When babies are born, we look forward to all of their "firsts." First smile, first laugh, first steps, first words. Especially with our first baby, these are milestones that make us giddy with anticipation and cause us to break out the camcorder at every turn.

Then they start rolling . and walking . and talking – and we wonder, "What was I thinking??"

Infants get going rolling, then crawling and we are amazed at how quickly they get good at it and soon are getting from point A to point B in little more than a blink of an eye. Toddlers start walking sometimes just as an aside to running and seemingly thrill at their new found ability to run in the "wrong" direction every time. But we understand that though these may try our patience and challenge our creative problem solving skills at times that, "This too shall pass".

Talking is a whole different ball game. Or is it?

We wait so patiently for their first coherent words, regale friends and co-workers with tales of our baby’s babblings, pride ourselves in how well and early she’s speaking in full sentences. And then it starts – the flip switches on and there’s no off button in sight. And yes it can be exhausting.

But there’s good news! Young children learn at lightening speed with every sense available to them. This is such a good language learning time for them that adding a second language is a possibility. And reading to themselves is close at hand. All good things.

So how to embrace the chatter of this age group without losing your cool? And how do you ensure that the other members of the family get a word in edgewise meanwhile? Here are some ideas:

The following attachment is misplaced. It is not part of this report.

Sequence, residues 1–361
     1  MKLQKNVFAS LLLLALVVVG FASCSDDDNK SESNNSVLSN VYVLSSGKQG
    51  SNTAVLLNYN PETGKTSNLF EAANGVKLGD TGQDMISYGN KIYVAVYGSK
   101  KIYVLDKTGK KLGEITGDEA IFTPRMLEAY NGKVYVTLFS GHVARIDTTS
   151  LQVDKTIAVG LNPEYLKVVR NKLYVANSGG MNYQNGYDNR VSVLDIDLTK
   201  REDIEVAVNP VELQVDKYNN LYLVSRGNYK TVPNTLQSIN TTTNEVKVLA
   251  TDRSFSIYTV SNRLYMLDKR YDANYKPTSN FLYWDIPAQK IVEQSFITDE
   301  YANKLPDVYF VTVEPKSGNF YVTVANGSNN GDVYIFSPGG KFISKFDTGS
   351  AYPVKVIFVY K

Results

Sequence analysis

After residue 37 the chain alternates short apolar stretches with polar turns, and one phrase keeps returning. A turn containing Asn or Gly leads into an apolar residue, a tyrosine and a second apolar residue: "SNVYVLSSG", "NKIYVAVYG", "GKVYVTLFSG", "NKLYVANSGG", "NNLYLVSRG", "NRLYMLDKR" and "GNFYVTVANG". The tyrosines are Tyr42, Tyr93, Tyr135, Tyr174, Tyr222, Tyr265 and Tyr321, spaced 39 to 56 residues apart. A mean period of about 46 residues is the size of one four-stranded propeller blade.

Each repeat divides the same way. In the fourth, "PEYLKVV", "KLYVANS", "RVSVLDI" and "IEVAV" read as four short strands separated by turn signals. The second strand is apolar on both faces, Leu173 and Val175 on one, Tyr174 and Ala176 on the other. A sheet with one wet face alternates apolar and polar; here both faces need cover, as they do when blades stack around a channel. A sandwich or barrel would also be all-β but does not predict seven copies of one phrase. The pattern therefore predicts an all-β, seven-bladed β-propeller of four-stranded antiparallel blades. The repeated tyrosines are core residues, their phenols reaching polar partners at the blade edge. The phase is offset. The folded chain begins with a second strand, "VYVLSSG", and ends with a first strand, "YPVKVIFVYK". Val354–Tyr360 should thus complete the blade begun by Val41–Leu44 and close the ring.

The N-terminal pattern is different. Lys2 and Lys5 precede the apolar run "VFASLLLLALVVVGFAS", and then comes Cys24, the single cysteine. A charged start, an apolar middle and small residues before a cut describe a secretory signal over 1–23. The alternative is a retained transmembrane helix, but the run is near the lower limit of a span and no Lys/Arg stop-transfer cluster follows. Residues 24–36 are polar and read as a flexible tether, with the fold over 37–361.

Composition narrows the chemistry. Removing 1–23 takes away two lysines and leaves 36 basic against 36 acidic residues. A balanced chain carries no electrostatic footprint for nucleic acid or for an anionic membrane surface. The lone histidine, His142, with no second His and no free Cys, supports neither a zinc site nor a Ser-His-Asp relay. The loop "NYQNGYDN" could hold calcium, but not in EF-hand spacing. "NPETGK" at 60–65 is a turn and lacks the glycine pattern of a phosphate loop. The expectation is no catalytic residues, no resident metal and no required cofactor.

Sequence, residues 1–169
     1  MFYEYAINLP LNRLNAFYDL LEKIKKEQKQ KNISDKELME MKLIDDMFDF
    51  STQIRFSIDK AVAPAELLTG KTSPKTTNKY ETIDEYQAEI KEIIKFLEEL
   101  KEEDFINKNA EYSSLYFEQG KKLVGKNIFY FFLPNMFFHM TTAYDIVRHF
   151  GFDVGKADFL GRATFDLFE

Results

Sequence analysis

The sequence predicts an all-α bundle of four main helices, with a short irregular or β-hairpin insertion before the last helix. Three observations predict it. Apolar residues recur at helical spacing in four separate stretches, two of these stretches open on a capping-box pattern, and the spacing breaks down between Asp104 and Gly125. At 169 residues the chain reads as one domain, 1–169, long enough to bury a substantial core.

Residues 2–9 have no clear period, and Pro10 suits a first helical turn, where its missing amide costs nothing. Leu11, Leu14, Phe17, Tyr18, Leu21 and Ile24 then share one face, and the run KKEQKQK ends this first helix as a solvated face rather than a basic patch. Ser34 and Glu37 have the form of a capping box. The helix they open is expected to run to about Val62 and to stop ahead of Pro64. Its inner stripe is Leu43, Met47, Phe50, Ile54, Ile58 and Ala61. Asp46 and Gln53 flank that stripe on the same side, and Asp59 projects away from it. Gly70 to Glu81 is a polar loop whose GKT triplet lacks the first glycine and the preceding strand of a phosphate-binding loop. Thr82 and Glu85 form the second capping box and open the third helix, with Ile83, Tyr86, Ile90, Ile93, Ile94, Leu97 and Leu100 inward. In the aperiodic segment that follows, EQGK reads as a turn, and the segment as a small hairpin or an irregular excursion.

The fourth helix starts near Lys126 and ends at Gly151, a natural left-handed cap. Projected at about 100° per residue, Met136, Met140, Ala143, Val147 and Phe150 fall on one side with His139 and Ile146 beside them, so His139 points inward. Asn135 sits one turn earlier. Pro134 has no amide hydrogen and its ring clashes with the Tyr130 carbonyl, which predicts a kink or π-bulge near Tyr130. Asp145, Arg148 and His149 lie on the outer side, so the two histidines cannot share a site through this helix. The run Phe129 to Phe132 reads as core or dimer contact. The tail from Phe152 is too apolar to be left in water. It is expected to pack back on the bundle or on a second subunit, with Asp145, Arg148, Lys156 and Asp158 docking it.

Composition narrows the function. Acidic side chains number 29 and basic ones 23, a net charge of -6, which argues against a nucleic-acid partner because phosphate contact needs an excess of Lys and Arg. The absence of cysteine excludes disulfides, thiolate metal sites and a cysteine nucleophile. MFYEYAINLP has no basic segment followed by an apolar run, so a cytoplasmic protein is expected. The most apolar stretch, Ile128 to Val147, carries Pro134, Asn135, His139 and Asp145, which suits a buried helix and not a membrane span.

• Learn to ask questions that require more than a "yes" or "no" answer. Questions that start with how many? when?, and what if? Are good places to start. How many nuts were in that bag that just spilled? When do you think the apples will be ready to pick? What if we didn’t do the dishes and take out the trash?
  • Take turns (literally at first) answering questions like these … include all of your children. This teaches the art of dialog rather than monologue.
  • Look for projects that the whole family can enjoy together. this way the project is the center of attention and not one child in particular.
  • Schedule reading times and quiet times – children this age are more than capable of entertaining themselves for short periods of time without getting into trouble. This gives everyone in the house a much-needed moment to recharge and regroup. Often a chatty child is a tired child and naps are not uncommon once they slow down.
  • Be as good a listener as you want your child to be. Children learn their talking and listening habits from us just as they do anything else, through observation and imitation. The better listeners we can be, the better they will ultimately be also.

Learning to talk and have co-operative conversations are important stepping-stones to reading. Once she’s reading, you’ll have some of that quiet thinking time of your own (perhaps a dim memory at this point) back. Meanwhile, find ways to appreciate that she does want to talk to you . ’cause this too shall pass . and be inclusive of everyone in the family.

Making the Terrible Twos a Little Less Terrible

Dear Mr. Dad: I love spending quality time with my two-year-old, but occasionally he throws a tantrum that seems to come right out of the blue. It embarrasses me in public and frustrates me at home. How should I respond to his unreasonable anger?

A: Welcome to the wonderful world of toddlers (sometimes known as the “terrible twos”), a place where emotions run hot, and logic and reason are in short supply. The good news is that occasional tantrums are fairly normal at this age. The not-so-good news is that self-control is a skill that’s learned gradually, over a pretty long time, so you’ll need all the patience you can muster.